smaller tasks - right across design research - are intertwined. It's that
intermingling which makes them so difficult to identify, understand and
improve.

Thanks again
Steve

2009/3/30 David B.Rondeau <david.rondeau at incontextdesign.com>

> For me, the work is broken down a little differently. (I work at
> InContext Design and so use the Contextual Design methodology created
> by Holtzblatt and Beyer). Using this methodology, the process is
> broken more into Research and Consolidation (or synthesis), with
> analysis being part of Research.
>
> The Research phase consists of gathering information: we talk to the
> client and other stakeholders to understand the business needs and
> technical constraints, and we do Contextual Inquiry interviews with
> users. As part of this Research phase we have an interpretation
> session after each interview%u2014this is our analysis. We recount
> the interview and capture the details that are relevant to our focus.
> This includes capturing notes to later build an affinity diagram, and
> visually sketch out other relevant models (sequence, flow, physical,
> etc.). We do this so everyone on the team can have a shared
> understanding about what happened during the interview. For me, this
> analysis is just part of the research%u2014but it is separate from
> synthesis as Steve initially suggested.
>
> After enough interviews are completed, we then consolidate each model
> across all users. Using our process, we take each individual sketch
> and combine them to create new consolidated sketches. This is where
> the synthesis takes place and you begin to see the larger picture of
> the work across all the users.
>
> The sketching that we do in these phases is different than the
> sketching that Brad Nunnally discussed, but similar to what Dave
> Malouf raised. In these phases, we use sketches to understand the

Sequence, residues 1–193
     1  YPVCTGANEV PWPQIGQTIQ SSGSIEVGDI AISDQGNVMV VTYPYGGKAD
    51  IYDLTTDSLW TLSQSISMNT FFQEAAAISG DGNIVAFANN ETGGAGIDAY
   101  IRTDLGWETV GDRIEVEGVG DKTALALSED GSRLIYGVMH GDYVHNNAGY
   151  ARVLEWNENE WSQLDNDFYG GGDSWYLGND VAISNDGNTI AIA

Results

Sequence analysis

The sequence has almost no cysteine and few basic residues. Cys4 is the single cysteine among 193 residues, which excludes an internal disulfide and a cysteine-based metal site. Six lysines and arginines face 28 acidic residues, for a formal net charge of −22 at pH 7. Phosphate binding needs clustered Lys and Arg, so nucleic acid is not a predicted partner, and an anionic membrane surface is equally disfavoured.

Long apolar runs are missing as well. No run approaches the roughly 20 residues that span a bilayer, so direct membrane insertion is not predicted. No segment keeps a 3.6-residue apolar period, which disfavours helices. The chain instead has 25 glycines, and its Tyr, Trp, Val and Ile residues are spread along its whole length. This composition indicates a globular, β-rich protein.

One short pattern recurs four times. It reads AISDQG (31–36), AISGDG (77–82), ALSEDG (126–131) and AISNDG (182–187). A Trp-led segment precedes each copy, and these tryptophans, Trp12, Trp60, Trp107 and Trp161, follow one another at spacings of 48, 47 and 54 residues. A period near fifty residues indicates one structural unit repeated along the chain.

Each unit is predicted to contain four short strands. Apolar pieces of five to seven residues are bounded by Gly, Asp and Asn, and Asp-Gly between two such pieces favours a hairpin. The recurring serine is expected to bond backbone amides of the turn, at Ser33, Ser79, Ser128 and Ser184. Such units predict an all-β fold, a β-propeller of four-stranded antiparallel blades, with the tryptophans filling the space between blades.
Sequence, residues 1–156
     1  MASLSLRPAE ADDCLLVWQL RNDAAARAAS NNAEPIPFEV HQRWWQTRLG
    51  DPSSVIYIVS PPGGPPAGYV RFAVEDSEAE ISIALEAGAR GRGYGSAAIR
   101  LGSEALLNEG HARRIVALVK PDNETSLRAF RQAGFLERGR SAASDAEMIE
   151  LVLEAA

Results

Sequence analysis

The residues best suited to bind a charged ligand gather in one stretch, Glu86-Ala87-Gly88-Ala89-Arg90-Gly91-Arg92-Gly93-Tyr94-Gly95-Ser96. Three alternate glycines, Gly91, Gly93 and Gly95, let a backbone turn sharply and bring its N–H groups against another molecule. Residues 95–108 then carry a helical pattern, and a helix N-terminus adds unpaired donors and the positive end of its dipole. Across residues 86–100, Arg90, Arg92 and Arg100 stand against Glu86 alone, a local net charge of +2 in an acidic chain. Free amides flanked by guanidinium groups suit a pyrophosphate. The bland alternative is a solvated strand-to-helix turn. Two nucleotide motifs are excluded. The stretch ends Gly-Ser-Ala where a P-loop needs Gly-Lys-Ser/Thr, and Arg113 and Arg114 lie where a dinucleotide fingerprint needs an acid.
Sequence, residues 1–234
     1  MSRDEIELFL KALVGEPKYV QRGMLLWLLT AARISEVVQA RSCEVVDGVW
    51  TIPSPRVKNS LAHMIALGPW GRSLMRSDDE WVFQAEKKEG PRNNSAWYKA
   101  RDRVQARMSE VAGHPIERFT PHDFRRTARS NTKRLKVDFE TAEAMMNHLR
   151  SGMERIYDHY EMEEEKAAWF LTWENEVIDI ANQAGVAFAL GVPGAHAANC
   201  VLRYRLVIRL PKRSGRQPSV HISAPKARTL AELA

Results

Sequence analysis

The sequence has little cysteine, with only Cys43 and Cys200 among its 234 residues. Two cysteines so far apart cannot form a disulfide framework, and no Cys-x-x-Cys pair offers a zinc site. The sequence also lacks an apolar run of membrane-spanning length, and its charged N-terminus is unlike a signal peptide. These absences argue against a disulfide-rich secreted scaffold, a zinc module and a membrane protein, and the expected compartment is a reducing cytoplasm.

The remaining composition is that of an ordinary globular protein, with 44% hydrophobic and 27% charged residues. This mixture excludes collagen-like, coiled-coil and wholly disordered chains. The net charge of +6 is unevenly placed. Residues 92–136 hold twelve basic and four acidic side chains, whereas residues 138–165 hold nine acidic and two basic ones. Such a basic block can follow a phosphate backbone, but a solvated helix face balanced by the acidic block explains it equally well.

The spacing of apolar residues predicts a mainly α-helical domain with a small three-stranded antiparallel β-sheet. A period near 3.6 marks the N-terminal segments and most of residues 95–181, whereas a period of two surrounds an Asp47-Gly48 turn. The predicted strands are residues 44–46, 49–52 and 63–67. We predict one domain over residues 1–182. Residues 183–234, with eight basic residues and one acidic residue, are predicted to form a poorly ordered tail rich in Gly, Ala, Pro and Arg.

> data and to share and communicate that understanding to the team and
> eventually to the client. (Yes, the sketching here is synthetic, but
> that's not the main purpose.) We don't sketch solutions until
> consolidation is done and we have a full picture of the work across
> the user population.
>
> Once into the design phase though, I agree wholeheartedly that
> designers should be sketching their ideas. We have a saying, "If
> nothing is being captured, then you are just talking in the air."
> Without a shared representation, it's hard to build a shared
> understanding and make a decision. Personally, I find it very
> difficult to even think about design without sketching.
>
> I suspect that our process may be different than most. If so, I'd be
> curious to hear how other processes differ in terms of research,
> analysis, and synthesis.
>
> David Rondeau
> Design Chair
> Twitter: dbrondeau
>

--
Steve 'Doc' Baty | Principal | Meld Consulting | P: +61 417 061 292 | E:
stevebaty at meld.com.au | Twitter: docbaty | LinkedIn:
www.linkedin.com/in/stevebaty

Blog: http://meld.com.au/blog
Contributor: Johnny Holland - johnnyholland.org
Contributor: UXMatters - www.uxmatters.com
UX Australia: 25-27 August, http://uxaustralia.com.au
UX Book Club: http://uxbookclub.org/ - Read, discuss, connect.

30 Mar 2009 - 10:55pm
David B. Rondeau
2003

Gretchen described it well%u2014"There's Synthesis and synthesis."
In the Research phase, during the interpretation sessions, we do in
fact visually sketch out other relevant models (sequence, flow,
physical, etc.), and I believe that the very act of sketching is
always synthetic. But you said "your Research stage includes other,
smaller but no less significant, synthesis activities", which isn't
exactly true in our case. I would argue that they are less significant
as synthesis activities than the activities we do during
consolidation. This is because the sketching that we do at this point
is primarily for communication and understanding, not synthesis.

I also liked Gretchen's point about story%u2014"You need to really
craft your findings to capture all the nuances that lead you to a
design direction." This storytelling can actually be done earlier in
the process to actually drive and define the design direction. In our
process we use a process that we call visioning%u2014basically a
brainstorming process that centers around group storytelling. We
"walk" all of the consolidated data to prime our brains, and then
with a group of people, we tell the story of "Based on what we now
know about the users, what could the new world look like?"

If you start your design direction with a story, it makes it very
easy to continue that story throughout the design phase and into your
deliverables.

David Rondeau
Design Chair
Twitter: dbrondeau

. . . . . . . . . . . . . . . . . . . . . . . . . . . . . . . . . .
Posted from the new ixda.org
http://www.ixda.org/discuss?post=40670